A rare glimpse into the life of North-East Kittiwakes

FOOTAGE taken by specially-installed cameras will again allow the public to watch an internationally-important colony of Kittiwakes during the breeding season.

Kittiwake Cams have for several years monitored the birds, which have returned inland to nest having spent the winter months out at sea.

The River Tyne is home to an important breeding population of Kittiwakes, including a large number at NewcastleGateshead Quayside. They nest on buildings including the Baltic Centre for Contemporary Art on the south bank of the Tyne and the Tyne Bridge.

The Kittiwakes breed alongside the Tyne on man-made structures, including old buildings, but when these are redeveloped or knocked down their nests are often destroyed.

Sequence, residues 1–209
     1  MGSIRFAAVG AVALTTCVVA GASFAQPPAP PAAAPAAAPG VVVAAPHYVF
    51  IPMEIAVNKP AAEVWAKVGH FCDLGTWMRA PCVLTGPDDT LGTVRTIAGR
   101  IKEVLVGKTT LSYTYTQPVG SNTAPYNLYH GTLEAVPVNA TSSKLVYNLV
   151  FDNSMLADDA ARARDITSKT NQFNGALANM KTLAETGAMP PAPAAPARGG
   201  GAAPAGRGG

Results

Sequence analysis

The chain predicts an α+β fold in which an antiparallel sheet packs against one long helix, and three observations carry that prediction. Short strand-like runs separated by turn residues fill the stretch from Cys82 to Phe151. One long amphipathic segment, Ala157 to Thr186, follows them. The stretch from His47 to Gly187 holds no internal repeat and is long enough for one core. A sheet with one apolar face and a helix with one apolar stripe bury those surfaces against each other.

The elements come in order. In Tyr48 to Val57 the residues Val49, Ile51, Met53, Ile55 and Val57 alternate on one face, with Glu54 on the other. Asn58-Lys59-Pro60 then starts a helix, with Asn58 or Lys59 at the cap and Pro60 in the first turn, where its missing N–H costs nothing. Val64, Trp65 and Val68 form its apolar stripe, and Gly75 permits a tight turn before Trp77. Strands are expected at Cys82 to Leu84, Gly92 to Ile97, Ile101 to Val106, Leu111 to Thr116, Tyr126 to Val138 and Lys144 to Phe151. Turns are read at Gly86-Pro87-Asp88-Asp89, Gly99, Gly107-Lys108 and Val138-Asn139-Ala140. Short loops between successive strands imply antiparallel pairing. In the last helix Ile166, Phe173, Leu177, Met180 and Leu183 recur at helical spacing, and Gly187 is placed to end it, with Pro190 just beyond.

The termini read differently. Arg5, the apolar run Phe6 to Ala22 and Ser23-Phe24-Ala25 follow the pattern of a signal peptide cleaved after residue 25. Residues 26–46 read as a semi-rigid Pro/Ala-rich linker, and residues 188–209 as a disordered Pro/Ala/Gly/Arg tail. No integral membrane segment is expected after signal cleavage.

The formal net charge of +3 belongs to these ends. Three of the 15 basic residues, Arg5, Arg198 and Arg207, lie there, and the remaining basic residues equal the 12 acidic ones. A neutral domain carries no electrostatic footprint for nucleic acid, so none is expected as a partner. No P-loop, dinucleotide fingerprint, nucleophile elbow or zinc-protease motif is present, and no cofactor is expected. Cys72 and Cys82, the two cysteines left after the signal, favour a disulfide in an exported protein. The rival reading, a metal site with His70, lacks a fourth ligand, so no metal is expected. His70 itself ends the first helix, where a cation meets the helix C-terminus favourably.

Newcastle is unusual amongst world cities in having a seabird colony in its centre and the cameras are designed to give people a deeper understanding of the birds’ needs.

The cameras are supported by Durham Wildlife Trust and the Baltic and Kirsty Pollard, Education Officer from the Trust, said: “People can follow the progress of the colony throughout the breeding season and see some wonderfully endearing behaviours as the parent kittiwakes lay eggs and raise their young.

“The camera provides an opportunity to observe the birds at such a close range that it builds a greater appreciation of their lifecycle and conservation needs. With so many threats to our local wildlife we are keen to ensure that our Tyne kittiwakes continue to thrive in our city long into the future.”

You can see the footage at https://carnyxlive.co.uk/jwplayer/streams/kittiwake720ssl.html